The European Commission is having a dialogue with the Romanian authorities in order to establish a stable and predictable legislative framework in the offshore wind sector, so that Romania can make the most of its potential in this area, Remi Mayet, acting Head of Unit with the European Commission's Directorate-General for Energy, said on Tuesday at the Bucharest Forum online conference organised by the Aspen Institute.
Romania has one of the largest onshore wind energy producing regions, in southeastern Dobrogea, and there is a very high potential in the offshore wind sector, so we must take care to have a stable and predictable legislative framework in order to attract as many investments as possible. The European Commission is in dialogue with the Romanian authorities to establish an optimal legislative framework, the European official said.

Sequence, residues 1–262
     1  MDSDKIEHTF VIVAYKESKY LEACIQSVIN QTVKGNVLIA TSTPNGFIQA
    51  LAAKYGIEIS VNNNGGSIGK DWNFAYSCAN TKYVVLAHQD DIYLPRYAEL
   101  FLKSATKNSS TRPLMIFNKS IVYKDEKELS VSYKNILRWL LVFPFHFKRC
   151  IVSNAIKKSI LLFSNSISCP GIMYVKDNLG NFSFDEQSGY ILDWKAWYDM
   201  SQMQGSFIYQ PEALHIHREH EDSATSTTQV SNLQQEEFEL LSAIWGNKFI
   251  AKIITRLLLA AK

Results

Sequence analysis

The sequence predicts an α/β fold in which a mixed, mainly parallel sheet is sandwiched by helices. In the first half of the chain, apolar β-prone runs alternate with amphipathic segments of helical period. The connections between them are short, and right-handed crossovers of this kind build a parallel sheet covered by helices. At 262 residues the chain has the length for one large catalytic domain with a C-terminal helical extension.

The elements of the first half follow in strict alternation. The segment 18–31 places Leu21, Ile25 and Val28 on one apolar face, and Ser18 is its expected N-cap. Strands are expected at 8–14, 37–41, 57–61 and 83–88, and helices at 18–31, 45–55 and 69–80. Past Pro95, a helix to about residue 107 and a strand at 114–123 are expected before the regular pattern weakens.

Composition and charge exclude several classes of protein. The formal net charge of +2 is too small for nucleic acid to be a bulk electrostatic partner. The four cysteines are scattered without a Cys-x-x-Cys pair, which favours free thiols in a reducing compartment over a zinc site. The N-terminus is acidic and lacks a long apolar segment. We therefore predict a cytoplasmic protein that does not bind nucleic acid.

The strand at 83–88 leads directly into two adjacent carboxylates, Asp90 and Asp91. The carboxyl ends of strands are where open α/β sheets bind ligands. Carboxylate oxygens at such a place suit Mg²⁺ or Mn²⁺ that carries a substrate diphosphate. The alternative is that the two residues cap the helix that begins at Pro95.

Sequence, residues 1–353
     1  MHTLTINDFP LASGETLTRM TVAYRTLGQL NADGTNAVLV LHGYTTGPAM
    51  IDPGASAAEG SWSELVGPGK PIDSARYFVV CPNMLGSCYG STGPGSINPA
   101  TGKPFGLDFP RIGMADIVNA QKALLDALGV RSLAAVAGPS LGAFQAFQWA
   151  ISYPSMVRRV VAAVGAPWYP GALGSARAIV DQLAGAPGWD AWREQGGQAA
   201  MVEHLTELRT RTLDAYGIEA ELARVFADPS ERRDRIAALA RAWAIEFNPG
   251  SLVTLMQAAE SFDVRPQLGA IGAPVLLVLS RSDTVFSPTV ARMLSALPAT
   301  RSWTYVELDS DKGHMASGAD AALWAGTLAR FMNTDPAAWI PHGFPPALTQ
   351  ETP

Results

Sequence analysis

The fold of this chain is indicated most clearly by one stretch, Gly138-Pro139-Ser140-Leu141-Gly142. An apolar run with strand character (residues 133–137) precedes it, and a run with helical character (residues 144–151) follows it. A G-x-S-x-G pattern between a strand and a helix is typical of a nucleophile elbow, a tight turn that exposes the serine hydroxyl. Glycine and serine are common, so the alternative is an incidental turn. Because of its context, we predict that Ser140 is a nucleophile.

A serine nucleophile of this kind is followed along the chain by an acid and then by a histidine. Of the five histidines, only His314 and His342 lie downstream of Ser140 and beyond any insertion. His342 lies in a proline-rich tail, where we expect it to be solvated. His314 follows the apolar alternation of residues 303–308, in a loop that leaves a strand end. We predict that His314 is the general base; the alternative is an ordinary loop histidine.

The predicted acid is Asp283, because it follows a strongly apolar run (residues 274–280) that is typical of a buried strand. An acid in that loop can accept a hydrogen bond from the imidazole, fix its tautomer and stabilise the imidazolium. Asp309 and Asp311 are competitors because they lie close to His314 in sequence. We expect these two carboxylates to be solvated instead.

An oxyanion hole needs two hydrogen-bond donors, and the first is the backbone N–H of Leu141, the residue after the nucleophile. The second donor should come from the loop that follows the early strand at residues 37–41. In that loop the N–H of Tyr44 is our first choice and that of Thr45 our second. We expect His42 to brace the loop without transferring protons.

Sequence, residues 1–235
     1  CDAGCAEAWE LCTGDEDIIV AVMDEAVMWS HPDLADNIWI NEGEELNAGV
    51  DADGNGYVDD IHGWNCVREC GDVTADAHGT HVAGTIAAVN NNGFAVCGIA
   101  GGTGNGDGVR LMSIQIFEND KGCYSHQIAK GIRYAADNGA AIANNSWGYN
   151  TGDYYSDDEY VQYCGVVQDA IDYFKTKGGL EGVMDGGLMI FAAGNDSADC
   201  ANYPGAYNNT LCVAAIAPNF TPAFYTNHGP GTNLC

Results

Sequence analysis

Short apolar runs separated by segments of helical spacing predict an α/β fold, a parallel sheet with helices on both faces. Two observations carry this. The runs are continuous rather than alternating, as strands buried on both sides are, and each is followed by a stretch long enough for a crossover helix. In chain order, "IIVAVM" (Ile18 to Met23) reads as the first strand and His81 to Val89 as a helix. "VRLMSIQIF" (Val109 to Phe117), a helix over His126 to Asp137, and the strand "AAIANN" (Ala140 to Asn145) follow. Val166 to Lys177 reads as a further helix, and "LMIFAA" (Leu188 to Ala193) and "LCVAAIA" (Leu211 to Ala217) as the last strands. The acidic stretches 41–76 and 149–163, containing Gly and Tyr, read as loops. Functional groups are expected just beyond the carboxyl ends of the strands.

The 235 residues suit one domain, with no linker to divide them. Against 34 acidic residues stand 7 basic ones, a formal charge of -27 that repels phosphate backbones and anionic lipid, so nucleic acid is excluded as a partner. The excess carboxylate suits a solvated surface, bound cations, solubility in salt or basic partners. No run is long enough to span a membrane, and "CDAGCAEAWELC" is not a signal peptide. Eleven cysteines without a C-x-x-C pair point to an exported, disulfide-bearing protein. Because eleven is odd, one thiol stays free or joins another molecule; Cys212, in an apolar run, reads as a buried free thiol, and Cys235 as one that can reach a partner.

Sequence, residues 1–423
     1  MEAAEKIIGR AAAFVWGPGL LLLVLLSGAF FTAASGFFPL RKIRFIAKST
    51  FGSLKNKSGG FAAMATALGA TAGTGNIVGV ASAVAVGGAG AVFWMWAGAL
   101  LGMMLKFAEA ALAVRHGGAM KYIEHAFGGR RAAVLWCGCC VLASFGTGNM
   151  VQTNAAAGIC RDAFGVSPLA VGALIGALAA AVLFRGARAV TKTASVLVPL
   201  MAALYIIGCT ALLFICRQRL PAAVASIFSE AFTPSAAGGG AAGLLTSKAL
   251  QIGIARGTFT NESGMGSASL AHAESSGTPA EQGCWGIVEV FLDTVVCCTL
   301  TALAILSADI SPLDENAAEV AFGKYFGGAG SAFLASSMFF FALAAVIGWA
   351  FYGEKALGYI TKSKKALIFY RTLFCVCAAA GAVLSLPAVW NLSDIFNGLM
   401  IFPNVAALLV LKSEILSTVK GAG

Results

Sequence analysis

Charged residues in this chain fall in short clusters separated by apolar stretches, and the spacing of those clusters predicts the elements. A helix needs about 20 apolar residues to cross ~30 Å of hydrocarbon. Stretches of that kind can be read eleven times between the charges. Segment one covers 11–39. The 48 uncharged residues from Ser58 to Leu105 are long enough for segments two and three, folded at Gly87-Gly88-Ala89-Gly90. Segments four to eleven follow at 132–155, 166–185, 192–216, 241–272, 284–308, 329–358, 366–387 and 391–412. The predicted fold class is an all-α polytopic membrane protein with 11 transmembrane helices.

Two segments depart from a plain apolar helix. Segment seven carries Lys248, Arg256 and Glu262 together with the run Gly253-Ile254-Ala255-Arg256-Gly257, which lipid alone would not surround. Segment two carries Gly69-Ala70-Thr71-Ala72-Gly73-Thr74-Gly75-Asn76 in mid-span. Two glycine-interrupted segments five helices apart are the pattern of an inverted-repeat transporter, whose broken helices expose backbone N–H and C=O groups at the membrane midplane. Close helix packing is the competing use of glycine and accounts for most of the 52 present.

In support of this idea there is also a study of the World Bank, according to which Romania has a huge offshore wind potential of over 70,000 MW, and could reach the level of the UK in this sector in five years, Niculae Havrilet, Secretary of State in the Ministry of Economy, Energy and Business Environment, said in July.
According to him, the costs of these technologies have greatly decreased, and Romania could catch up with the UK in just five years.
Romania has pledged a target of 30.7 pct renewable energy by 2030, compared to 24 pct set as a target for 2020 and already reached as early as in 2017.